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Re: [css3-selectors] Grouping

From: Nikita Popov <privat@ni-po.com>
Date: Sat, 09 Jan 2010 09:17:54 +0100
Message-ID: <4B483BB2.7000201@ni-po.com>
To: news@terrainformatica.com
CC: www-style list <www-style@w3.org>
Am 09.01.2010 06:38, schrieb Andrew Fedoniouk:
> Tab Atkins Jr. wrote:
>> On Fri, Jan 8, 2010 at 10:49 PM, Andrew Fedoniouk
>> <news@terrainformatica.com> wrote:
>>> Boris Zbarsky wrote:
>>>> On 1/8/10 12:33 PM, Nikita Popov wrote:
>>>>> Which would lead to 3^4 = 81 rules. Hopefully nobody does it.
>>>> Sure they will.  That's just life.
>>>>
>>>> On the other hand, it's not like stylesheets have small numbers of 
>>>> rules
>>>> as it is.  gmail has several thousand, for example....
>>>>
>>>> The biggest danger here, actually, as with any compression scheme, is
>>>> being a vector for DOS attacks.  And honestly, those are just possible
>>>> already: you could gzip-compress your stylesheet with lots of 
>>>> redundant
>>>> rules and it would end up very small to transmit but huge to parse 
>>>> and such.
>>>>
>>> I have mentioned once already that I've implemented so called style 
>>> sets (in
>>> HTMLayout and Sciter).
>>>
>>> The set is defined as (same syntax as @media section):
>>>
>>> @set somename
>>> {
>>>  ... rules ...
>>> }
>>>
>>> and is applied by the style-set CSS attribute.
>>>
>>> Using sets original task of reducing these 6 rules:
>>>
>>> #authors input, #authors select, #authors textarea,
>>> #publications input, #publications select, #publications textarea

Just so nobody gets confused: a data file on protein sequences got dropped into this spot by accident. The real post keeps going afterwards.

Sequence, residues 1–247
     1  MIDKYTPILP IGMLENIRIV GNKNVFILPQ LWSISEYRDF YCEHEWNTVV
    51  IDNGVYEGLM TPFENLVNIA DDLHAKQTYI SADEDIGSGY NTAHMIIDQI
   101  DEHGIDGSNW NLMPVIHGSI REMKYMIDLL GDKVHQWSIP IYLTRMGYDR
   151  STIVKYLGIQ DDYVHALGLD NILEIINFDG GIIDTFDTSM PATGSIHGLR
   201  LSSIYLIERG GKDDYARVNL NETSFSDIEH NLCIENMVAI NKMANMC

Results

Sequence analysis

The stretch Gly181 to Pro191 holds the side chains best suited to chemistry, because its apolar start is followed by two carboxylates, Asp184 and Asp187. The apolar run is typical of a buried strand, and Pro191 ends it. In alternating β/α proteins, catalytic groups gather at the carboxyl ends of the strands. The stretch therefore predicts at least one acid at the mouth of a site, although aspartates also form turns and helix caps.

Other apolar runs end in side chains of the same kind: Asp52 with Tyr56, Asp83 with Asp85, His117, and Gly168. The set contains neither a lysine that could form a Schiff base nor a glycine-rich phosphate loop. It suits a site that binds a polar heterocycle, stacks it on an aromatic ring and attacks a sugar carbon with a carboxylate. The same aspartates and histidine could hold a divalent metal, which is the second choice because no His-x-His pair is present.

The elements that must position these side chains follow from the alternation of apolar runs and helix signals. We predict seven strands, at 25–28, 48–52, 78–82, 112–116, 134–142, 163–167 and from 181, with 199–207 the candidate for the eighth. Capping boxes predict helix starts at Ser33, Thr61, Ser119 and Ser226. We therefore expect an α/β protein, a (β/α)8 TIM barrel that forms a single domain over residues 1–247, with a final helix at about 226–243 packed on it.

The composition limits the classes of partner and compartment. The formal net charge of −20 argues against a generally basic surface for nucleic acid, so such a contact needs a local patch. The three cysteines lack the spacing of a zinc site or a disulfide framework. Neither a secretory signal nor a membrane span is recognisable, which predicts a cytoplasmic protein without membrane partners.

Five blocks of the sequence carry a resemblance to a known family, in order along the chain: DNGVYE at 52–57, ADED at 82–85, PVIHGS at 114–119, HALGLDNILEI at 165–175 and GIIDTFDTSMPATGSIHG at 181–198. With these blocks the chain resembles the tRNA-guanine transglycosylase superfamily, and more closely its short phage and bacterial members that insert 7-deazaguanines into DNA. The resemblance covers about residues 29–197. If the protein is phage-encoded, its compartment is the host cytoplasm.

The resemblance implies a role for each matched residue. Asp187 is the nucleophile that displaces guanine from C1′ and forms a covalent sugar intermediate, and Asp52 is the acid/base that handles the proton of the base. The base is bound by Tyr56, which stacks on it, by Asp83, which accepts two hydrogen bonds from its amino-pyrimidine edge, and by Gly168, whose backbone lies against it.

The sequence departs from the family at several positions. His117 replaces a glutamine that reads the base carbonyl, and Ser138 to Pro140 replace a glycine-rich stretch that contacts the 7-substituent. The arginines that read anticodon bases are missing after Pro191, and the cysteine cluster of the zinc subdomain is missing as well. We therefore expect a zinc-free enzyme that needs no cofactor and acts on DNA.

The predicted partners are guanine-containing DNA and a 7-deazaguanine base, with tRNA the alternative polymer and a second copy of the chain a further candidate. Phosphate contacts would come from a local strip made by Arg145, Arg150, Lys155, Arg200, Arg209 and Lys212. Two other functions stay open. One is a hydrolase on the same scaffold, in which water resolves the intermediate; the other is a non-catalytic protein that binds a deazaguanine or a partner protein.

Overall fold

>>> {
>>>  ... rules ...
>>> }
>>>
>>> could be rewritten as:
>>>
>>> @set my-section
>>> {
>>>  input, select, textarea
>>>  {
>>>     ... rules ...
>>>  }
>>> }
>>>
>>> #authors, #publications
>>> {
>>>  style-set: my-section; /* style-set is an inheritable attribute
>>>                            all elements inside #authors will also use
>>>                            rules defined in the my-section */
>>>  ...
>>> }
>>>
First of all and most importantly, I think the grouping or subrule stuff 
is much more convenient.
Your code:
@set formelements
{
  input, select, textarea
  {
     ... rules ...
  }
}
.add #author, .add #publications {
     style-set: formelements;
}
If I now would like to out #author ans #publications in their own set, 
it gets really, really unreadable.
Compare with:
.add (#author, #publications) (input, select, textarea)
Clean, short, effective.
Or same with :any, though not :matches, cause :matches makes it 
complicated again, because breaking it down to simple rules is 
impossible (Any ideas on that?)
>
>> It is similarly simple to say
>>
>> #publications.special :matches(input,select,textarea) {
>>   //new rules
>> }
>>
>> With the same effect.
>>
>
> No. Effect is not the same. For each of 1000 DOM elements you should
> execute at least following check:
>
>   if( element.tag == input ||
>       element.tag == select ||
>       element.tag == textarea )
>
> So in total at least 3000 checks by introducing just one (as author 
> will think) CSS rule. Yes, element.tag == input is a cheap operation 
> but still it should be made.
And now it gets really wrong. If the rendering engines would really do 
that, oh my god!
Sure enough the rendering engines would first jump to the ID 
#publications (which is fast, cause it's a lookup, not a loop), check 
that the class is .special (again a lookup, therefore fast) ans only 
then check for one of the children being a form-interaction-element. So, 
not 3000 checks, but only 302, as many as with your @set-variant!
Received on Saturday, 9 January 2010 08:18:23 GMT

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